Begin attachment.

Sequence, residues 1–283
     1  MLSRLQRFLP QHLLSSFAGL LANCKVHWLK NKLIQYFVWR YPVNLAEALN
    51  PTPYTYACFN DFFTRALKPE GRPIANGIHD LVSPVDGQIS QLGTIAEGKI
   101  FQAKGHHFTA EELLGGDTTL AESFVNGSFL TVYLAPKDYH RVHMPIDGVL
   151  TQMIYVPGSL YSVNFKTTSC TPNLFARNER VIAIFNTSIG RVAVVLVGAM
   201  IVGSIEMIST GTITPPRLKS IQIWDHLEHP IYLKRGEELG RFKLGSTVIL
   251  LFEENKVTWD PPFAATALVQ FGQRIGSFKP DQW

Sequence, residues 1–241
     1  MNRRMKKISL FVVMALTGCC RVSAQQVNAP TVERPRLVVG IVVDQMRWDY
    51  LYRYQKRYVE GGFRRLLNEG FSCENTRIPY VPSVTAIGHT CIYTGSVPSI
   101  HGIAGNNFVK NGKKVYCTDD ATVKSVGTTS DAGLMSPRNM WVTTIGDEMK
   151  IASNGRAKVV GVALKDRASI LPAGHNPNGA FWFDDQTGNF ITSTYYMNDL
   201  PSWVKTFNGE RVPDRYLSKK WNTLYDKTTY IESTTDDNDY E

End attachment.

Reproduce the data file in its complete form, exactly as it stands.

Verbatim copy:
Sequence, residues 1–283
     1  MLSRLQRFLP QHLLSSFAGL LANCKVHWLK NKLIQYFVWR YPVNLAEALN
    51  PTPYTYACFN DFFTRALKPE GRPIANGIHD LVSPVDGQIS QLGTIAEGKI
   101  FQAKGHHFTA EELLGGDTTL AESFVNGSFL TVYLAPKDYH RVHMPIDGVL
   151  TQMIYVPGSL YSVNFKTTSC TPNLFARNER VIAIFNTSIG RVAVVLVGAM
   201  IVGSIEMIST GTITPPRLKS IQIWDHLEHP IYLKRGEELG RFKLGSTVIL
   251  LFEENKVTWD PPFAATALVQ FGQRIGSFKP DQW

Sequence, residues 1–241
     1  MNRRMKKISL FVVMALTGCC RVSAQQVNAP TVERPRLVVG IVVDQMRWDY
    51  LYRYQKRYVE GGFRRLLNEG FSCENTRIPY VPSVTAIGHT CIYTGSVPSI
   101  HGIAGNNFVK NGKKVYCTDD ATVKSVGTTS DAGLMSPRNM WVTTIGDEMK
   151  IASNGRAKVV GVALKDRASI LPAGHNPNGA FWFDDQTGNF ITSTYYMNDL
   201  PSWVKTFNGE RVPDRYLSKK WNTLYDKTTY IESTTDDNDY E